Lebanon Technology & Career Center
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The courses taught in the computer laboratory are designed to help students learn more about computer software and gain an entry level position in a company. This area of instruction provides content for knowledge and skills required in the technology-based workplace. The demand will continue to expand for individuals to ineract with the computer to create documents, gather information, and solve problems. The content of these classes is vital for students planning to enter the work force or post-secondary education.
The student will be able to describe the functions of hardware components and compare features of software used for programs. Students can and will identify toolbars, menus, editing tools, solve problems, use the use the Internet and multi-media equipment such as digital cameras, scanners, video cameras and any other digital multimedia we happen to be able to acquire.
Customized Business Classes for You
The Tech Center Adult Education Program Director, Mr. Keith Davis, can customize a course of Business Technology, Accounting or Computer Technology for you. You can take some of all of these classes or have a major emphasis in one of the above listed areas.
Name: Clayton Bagby
Years in Education:
Areas of Training
Desktop Publishing--This course is designed to study basic design concepts and to aide the student in developing expertise on the computer using both text and graphics for publishing purposes. Equipment and programs used include computers, scanners, digital cameras and Microsoft Publisher.
Web Page Design I--This course will study how to create and manage web sites, implement web project management techniques, and advanced HTML authoring techniques. You will use graphic imaging and functions to provide impressive visual effects to a web page. Equipment usage will include: digital camera, scanner and other forms of media. Software usage will include: WordPad, Internet Browser, Microsoft FrontPage, Adobe Photoshop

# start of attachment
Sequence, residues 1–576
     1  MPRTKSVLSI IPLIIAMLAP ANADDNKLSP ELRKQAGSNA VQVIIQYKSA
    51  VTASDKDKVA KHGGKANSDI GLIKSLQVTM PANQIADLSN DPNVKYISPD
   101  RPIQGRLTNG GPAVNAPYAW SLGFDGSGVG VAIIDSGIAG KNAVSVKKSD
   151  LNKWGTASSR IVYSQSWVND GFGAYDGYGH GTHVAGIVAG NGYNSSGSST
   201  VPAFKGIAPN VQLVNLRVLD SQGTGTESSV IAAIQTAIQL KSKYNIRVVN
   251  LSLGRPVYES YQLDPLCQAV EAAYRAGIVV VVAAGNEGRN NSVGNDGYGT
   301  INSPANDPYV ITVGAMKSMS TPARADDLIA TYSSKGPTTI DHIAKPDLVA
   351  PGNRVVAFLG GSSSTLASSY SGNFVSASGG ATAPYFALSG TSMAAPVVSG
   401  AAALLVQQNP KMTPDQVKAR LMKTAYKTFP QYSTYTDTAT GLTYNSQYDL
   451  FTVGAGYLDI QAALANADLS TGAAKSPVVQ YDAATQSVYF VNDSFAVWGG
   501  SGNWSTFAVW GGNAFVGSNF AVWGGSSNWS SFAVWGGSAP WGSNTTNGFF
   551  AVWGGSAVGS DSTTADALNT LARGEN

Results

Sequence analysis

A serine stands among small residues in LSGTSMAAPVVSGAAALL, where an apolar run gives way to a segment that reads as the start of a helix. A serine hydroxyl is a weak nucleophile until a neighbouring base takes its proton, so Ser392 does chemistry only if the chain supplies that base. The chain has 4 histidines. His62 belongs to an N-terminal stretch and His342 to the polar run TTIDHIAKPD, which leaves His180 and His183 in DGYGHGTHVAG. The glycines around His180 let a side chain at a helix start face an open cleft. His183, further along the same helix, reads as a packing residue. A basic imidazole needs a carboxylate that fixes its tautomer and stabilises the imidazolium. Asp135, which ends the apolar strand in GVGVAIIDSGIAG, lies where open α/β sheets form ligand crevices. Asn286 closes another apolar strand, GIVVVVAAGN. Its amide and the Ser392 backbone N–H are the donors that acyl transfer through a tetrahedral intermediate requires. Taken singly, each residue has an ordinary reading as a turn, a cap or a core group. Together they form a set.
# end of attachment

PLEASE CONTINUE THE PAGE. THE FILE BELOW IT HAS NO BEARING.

Web Page Design II--You must have Web Page Design I to enter this course. This course will teach you how to create, edit and manage web sites using Dreamweaver. Some photo imaging software will be used with the above mentioned multi-media.
PowerPoint--This course teaches you the basics of PowerPoint, creating and editing presentational graphics, formatting texts, and inserting tables as well as charts. You will learn to use Digital Juice software, Back Traxx music, and Kai's Super Goo, Windows Movie Maker, YouTube.com, Internet usage along with some Adobe Photoshop. Equipment and programs used include computers, digital cameras, scanners and Microsoft PowerPoint 2007.
Flash Animations--This course is designed for the student who wants to learn how to use Macromedia Flash and Alice. Alice is a 3D design program that allows the user to animate people and objects. It is designed to provide basic and indepth material that not only educates, but encourages the student to explore the nuance of animated graphics. This is an advanced course that requires upper-level thinking processes in use of the program.
MS Producer--Create engaging rich-media presentations that can help the audience understand and remember your messages. You will be using Windows Media player, windows movie maker, DVDSoft programs, Microsoft Producer, and anything else new that is needed at the time. You will be using a microphone and headset to record either audio or video. Equipment that will be used is digital cameras, scanners, video cameras and multi-media software.
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Occupational Outlook Handbook, 2008-2009 Edition
From Wikipedia, the free encyclopedia
The Occupational Outlook Handbook is a publication of the United States Department of Labor's Bureau of Labor Statistics that includes information about the nature of work, working conditions, training and education, earnings, and job outlook for hundreds of different occupations. The Handbook is released biennially with its companion publication the Career Guide to Industries. The current 2008-2009 edition was released in December 2007 and includes employment projections for the period 2006-2016.
Because the Occupational Outlook Handbook is a U.S. government publication it is not under copyright and is reproduced in various forms by other publishers, with additional information or features.